Does anyone still assemble at Twin Lakes for The Great Tomato War? Well, that was years ago, so perhaps not. The point was to save the Aspen bastion from the “redneck” Arkansas Valley locals and their friends, the Texans. This was all in mocking fun and would have taken some planning to get enough tomatoes and people. Oh well.
How seriously could this be reenacted if there was the idea of a tunnel to facilitate traffic from Denver beneath Independence Pass to Aspen? It would be more than a tomato war, and Glenwood would be at the front line. Aspen is 40 miles closer to Denver via Independence Pass than through Glenwood.
A water diversion tunnel already exists beneath Independence Pass that’s twice as long as the Eisenhower and Johnson Tunnels. The possibility of a highway tunnel isn’t improbable.
In more realistic terms of today, no one will consider a “Independence Tunnel,” unless Glenwood doesn’t come up with a better alternative. That being said, a tunnel around Glenwood’s traffic would be the “clean” way to beat the “Independence Tunnel.”
Help. “The Glenwood Tunnel” is siphoning off Glenwood’s commerce! It would, unless it was “commuter and commercial only.” Leave Glenwood for tourists and locals.
Just some thoughts the citizenry might consider.
Editor’s note: We are aware of the Great Tomato Wars, but it is our understanding that the “war” was between Texans and Coloradoans.
An article in the newspaper in September 1987 describes the following. The Nordic Inn mentioned is now the Twin Lakes Inn.
Colorado Takes “Tomalamo” with lightning speed
The sixth annual Tomato War ended in a surprisingly quick victory for the Colorado forces.
The motto, “Drink beer and hit a Texan,” just about summed up the battles that normally take up a full weekend. The war commenced at noon on Sept. 26 and was over by 1:30 p.m.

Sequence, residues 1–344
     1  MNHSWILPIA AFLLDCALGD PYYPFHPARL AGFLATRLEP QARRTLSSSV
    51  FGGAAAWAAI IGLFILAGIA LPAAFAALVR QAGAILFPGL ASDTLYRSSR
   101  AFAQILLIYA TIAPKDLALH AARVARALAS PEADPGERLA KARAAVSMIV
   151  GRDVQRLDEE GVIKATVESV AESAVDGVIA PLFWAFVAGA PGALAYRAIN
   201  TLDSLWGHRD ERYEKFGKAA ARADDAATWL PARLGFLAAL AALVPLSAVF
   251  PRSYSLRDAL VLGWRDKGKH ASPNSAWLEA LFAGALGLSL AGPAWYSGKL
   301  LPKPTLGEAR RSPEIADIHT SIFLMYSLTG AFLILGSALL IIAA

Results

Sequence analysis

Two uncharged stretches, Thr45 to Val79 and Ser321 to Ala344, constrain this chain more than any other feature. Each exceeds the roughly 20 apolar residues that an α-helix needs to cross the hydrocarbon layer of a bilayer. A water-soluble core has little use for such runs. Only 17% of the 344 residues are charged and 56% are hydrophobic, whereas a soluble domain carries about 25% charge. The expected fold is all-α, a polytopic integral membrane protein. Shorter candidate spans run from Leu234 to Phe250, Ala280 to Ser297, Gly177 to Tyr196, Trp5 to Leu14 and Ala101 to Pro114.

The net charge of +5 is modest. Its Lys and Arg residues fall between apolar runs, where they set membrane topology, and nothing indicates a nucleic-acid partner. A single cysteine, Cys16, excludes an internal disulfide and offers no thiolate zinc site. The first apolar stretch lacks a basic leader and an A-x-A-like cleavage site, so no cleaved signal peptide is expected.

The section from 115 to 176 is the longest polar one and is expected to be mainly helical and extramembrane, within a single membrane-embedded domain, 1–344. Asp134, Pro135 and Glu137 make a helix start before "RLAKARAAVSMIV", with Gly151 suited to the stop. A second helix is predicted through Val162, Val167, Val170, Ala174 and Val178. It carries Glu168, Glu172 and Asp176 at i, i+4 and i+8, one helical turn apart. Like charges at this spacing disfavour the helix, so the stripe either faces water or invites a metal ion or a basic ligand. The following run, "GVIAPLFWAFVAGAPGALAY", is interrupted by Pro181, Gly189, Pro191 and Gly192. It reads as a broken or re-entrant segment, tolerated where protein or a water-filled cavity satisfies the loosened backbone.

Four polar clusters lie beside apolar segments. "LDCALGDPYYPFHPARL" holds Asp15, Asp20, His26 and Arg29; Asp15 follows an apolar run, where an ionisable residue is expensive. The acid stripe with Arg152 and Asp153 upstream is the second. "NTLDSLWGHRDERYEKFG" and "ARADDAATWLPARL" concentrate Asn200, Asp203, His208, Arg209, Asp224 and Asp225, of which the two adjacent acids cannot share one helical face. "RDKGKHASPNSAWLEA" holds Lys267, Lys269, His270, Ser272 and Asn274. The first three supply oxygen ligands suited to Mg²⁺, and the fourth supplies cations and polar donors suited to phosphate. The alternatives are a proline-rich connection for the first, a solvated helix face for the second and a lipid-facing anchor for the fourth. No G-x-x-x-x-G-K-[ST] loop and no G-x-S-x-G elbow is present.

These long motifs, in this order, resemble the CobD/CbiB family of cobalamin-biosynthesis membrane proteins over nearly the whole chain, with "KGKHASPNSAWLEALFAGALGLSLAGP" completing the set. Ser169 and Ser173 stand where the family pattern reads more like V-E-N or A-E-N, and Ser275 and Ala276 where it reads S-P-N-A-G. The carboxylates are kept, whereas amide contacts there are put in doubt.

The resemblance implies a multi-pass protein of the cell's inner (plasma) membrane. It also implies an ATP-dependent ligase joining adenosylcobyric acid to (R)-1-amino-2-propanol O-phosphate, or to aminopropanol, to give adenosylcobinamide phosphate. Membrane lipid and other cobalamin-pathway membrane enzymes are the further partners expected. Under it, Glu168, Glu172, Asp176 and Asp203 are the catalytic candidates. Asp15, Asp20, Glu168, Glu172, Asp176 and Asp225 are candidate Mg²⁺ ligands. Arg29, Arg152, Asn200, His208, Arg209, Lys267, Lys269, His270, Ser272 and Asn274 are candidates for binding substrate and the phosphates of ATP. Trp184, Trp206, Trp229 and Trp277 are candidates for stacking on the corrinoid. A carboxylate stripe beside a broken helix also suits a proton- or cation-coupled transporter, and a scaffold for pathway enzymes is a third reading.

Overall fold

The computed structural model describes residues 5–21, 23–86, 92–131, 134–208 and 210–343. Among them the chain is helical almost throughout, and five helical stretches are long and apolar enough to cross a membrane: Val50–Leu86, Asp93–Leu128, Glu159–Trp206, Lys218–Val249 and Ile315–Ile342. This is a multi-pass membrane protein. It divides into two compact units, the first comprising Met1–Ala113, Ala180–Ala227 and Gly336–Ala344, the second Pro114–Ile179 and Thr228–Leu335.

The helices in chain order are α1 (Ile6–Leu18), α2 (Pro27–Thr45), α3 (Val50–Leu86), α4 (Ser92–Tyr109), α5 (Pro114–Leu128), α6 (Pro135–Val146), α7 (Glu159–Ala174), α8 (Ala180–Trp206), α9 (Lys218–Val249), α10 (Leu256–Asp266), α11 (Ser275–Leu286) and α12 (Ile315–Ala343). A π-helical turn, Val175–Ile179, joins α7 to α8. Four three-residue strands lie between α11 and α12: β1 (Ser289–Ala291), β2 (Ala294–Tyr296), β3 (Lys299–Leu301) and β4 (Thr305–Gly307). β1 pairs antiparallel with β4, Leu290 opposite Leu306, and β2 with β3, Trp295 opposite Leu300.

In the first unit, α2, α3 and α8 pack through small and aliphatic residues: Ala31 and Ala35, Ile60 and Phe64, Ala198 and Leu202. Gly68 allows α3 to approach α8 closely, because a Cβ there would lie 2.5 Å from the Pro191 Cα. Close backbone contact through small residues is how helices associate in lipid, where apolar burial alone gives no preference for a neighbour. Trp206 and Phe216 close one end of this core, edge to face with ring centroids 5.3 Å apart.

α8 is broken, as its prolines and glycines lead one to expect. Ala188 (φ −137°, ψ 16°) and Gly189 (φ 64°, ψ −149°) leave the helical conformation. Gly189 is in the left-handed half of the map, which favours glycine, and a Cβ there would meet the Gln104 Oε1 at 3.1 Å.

The Texans’ traditional stronghold, the “Tomalamo,” fell early with a storm of troops from the Colorado brigade. The Texans complained they had run out of ammunition early and were unable to defend the sudden and early onslaught of high- altitude guerrillas.
The face-off on Sunday was survived by a Coloradoan, winning the war for the fifth time out of the six years it has been held.
Although this year’s war was as enthusiastic and well-attended as any with an estimated 500 attendants and participants, it may have been the last, according to Dave Ballard, one of the event’s coordinators.
“Because of the tremendous expense involved in insurance, promotion, and the other incidentals involved in a project of this scope, Taylor Adams may not be able to do it again,” Ballard stated.
Adams, who sold the Inn of the Black Wolf, which now carries the name Nordic Inn, has conducted the Tomato War in the past in an effort to support her efforts to preserve her black wolf pack. According to Ballard, her sale of the inn was an effort to buy enough acreage to support her efforts to expand the habitat of the wolves.